The cost of crude oil per barrel fell back below $50 the moment that Donald Trump announced that the USA would withdraw from the Paris accord on climate change. The move has prompted speculation that the US will ramp up both coal and shale oil production further, leading to higher carbon emissions and lower fuel prices at the pumps.

In the short term, the fall in the cost of oil should translate to a further 2p a litre reduction in the cost of fuel within two weeks, a £1 saving per fill up. While this is a timely boost to those on low incomes, the long-term environmental cost of losing the US from the climate change agreement is very harmful, experts believe we’re witnessing the unravelling of 25 years of environmental work in one US presidential administration over the next 5 years.

 

In case you missed it, here is Trump’s full withdrawal video:

 

Trump and Big Oil

As speculated several months ago, this is part of Trump’s ongoing vision to support the American Midwest, decimated by low investment in job creation and the loss of jobs from traditional gas, oil and coal production industries, closed during the Obama administration to meet Paris Agreement targets.

The harsh truth is that this decision isn’t being done to support jobs, it’s to support the coal, oil and gas industry of America. They were major backers of the Trump presidential campaign and are now looking to get their money back by encouraging the US government to lift all the restrictions they’ve been operating under for a decade.

As well as lifting domestic restrictions on coal, oil and gas production, there is a global power play at work here by what Trump is doing. The USA is 3rd in the list of global oil producers behind Saudi Arabia and Russia. Saudi Arabia has effective control of 65% of the world’s oil supply under the OPEC group of 14 member states. Almost 18 months ago, OPEC and Russia deliberately stifled the growth of American shale oil producers by producing high volumes of oil, forcing the global cost of oil down and in turn hitting the incomes of hundreds of low volume US producers.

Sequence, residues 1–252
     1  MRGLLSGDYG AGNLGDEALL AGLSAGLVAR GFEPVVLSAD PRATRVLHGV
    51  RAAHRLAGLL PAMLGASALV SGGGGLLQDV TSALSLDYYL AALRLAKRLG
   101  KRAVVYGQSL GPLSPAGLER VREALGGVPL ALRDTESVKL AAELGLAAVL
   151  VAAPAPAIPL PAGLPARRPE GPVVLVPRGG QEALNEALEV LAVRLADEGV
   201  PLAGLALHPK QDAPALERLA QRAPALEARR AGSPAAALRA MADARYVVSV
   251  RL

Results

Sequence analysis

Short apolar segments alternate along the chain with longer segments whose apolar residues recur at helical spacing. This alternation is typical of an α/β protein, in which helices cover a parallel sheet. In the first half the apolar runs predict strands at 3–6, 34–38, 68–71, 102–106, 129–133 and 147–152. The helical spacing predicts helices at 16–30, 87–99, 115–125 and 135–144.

What we are seeing now is the fightback of US gas and oil interests supported by the US government against OPEC and Russia’s aims to limit supply and keep the oil price higher. This can only mean in the short term global supplies of oil will be greater than demand, so we could see fuel prices fall a little further but not likely to reach the £1 a litre mark of Dec 2015.

What happens now?

However, while these price declines are good news, one cannot avoid feeling a sense of despair about the Paris Agreement and what will happen now that the world’s biggest economy has decided to withdraw from a plan to tackle climate change.

This has similarities to the UK government’s attitude to tackling pollution in our cities. If the leaders of the world are not serious about tackling these issues head on, then what chance do we, or future generations have coping with climate change and pollution in the future?

 

Is it worth having lower cost fuel if it means the environment is worse off? If the US doesn’t follow climate change rules, then why should the UK government meet pollution targets? Let us know in the comments below.

 

Image Credit – YouTube

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